The Organizing Committee for the Beijing Olympic Games (BOCOG) held a press conference today with the topic of environmental protection.
One of the vice mayors, Ji Lin was the guest speaker and he extolled on how the city is going to cut emissions and improve the air quality in time for next year's Summer Games.
He explained the city is moving away from coal-fired plants and using more clean fuels like natural gas, and taking off 2,580 buses and 5,000 taxis that don't meet current emission standards off the roads.
One reporter asked that now there are three million cars on Beijing's roads, 80 per cent of which are private ones, what the city will do to limit the number of them. Ji replied by saying they are concentrating more on public transit, with a few more subway lines almost near completion and getting more buses on the road.
He also talked about oil and gas recycling stations, but didn't give a scientific explanation of how that worked. And Ji proudly talked about how there were 241 "good days" last year compared to 100 in 1998. Again there was no reasoning behind how these "good days" were calculated.
Another issue is dust pollution and the vice mayor said most of this is due to the numerous construction sites in the city kicking up dust and dirt in the air. He explained that when the Olympics are on, many of the sites will have completed construction or will be suspended. Ji hinted other industries would lower production levels or be temporarily stopped. When asked to identify them, he said they were still in the research stage and couldn't divulge any further information.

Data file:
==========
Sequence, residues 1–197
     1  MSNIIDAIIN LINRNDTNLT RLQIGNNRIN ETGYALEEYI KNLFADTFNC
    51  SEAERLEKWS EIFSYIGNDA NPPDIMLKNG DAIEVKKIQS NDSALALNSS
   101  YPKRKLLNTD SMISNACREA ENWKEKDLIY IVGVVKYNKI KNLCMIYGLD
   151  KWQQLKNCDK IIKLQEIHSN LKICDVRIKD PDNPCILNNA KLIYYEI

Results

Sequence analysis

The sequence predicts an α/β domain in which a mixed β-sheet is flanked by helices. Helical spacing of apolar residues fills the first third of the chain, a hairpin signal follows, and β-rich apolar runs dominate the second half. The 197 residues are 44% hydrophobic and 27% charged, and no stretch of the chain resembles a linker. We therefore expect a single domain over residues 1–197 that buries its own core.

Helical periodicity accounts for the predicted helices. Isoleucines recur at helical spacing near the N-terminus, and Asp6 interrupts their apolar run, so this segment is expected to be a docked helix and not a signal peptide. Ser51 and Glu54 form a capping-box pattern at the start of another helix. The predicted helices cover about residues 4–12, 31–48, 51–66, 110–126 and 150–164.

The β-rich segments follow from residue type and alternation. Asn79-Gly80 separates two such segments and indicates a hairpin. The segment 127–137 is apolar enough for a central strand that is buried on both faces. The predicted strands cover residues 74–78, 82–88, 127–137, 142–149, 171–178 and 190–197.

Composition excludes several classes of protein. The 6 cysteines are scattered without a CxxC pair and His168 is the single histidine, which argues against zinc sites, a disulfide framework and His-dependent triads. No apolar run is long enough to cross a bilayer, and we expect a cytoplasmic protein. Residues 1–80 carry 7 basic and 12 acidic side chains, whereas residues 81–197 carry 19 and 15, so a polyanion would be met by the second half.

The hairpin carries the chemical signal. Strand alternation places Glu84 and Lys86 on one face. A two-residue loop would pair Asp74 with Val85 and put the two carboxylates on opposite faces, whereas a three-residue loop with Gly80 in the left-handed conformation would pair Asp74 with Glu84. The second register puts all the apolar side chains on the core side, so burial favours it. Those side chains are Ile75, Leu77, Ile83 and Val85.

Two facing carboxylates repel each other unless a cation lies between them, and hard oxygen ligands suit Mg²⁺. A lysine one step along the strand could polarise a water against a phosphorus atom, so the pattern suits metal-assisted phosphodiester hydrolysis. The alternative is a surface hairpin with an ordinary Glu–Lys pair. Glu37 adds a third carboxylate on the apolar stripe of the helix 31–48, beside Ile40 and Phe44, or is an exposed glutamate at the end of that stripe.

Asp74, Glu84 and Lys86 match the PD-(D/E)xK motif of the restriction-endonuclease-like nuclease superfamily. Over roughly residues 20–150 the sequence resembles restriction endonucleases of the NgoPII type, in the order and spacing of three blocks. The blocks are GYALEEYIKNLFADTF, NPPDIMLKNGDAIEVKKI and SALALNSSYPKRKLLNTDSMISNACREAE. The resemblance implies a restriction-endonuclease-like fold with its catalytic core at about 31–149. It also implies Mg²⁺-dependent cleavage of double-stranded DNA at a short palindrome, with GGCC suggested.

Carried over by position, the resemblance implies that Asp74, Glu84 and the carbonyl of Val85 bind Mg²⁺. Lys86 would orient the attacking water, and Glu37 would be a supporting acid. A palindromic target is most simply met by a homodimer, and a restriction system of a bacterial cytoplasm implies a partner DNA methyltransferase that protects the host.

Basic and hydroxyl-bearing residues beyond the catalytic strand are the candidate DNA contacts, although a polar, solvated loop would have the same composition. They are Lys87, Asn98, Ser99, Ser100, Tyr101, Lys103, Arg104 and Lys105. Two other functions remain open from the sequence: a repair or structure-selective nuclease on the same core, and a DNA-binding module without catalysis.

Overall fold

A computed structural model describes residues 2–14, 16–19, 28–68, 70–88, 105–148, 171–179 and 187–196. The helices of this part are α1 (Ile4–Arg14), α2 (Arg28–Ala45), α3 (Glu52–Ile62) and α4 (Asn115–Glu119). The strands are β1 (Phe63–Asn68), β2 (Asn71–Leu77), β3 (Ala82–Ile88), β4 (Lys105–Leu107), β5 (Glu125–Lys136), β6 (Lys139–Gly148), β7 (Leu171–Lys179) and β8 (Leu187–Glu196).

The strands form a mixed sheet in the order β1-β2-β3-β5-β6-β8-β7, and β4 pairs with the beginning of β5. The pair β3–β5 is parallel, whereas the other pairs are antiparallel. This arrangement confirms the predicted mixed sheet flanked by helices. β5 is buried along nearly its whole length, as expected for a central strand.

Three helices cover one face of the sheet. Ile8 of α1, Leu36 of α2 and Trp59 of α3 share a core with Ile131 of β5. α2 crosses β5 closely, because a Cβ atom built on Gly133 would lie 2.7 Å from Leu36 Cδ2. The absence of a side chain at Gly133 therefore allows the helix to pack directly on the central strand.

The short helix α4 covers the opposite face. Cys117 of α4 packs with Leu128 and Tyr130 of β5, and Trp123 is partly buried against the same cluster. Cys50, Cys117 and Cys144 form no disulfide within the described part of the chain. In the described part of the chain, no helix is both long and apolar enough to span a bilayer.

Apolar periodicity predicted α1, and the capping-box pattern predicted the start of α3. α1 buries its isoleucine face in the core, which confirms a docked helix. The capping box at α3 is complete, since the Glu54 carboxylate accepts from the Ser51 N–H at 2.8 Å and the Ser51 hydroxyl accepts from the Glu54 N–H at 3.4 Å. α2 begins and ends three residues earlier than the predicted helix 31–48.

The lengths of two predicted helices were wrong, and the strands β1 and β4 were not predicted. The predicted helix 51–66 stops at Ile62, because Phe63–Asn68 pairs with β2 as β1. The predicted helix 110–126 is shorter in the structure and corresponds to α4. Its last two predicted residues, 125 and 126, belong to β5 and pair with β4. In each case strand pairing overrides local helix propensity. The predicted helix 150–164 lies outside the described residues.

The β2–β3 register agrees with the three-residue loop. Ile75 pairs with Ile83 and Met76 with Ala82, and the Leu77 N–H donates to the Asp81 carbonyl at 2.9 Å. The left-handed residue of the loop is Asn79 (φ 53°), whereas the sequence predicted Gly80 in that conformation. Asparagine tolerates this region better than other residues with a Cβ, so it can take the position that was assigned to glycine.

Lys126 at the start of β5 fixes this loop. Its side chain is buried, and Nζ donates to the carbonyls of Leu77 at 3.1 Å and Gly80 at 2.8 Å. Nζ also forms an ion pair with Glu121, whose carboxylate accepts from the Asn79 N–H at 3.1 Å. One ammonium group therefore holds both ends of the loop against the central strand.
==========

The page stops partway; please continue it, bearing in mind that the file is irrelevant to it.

A foreign reporter asked if athletes from other countries want to bring their own experts and air quality measuring devices, would the city allow them to do this. The verbose vice mayor said they could "guarantee good air quality" and that they hoped people would believe their measurements. He added there will be mobile air quality testing systems that people can use. But he gave no description of what these looked like or how they worked.
While the vice mayor admitted there was much more work for Beijing to do, trying to cut down on the number of cars on the road doesn't seem to be one of his priorities to make the air cleaner.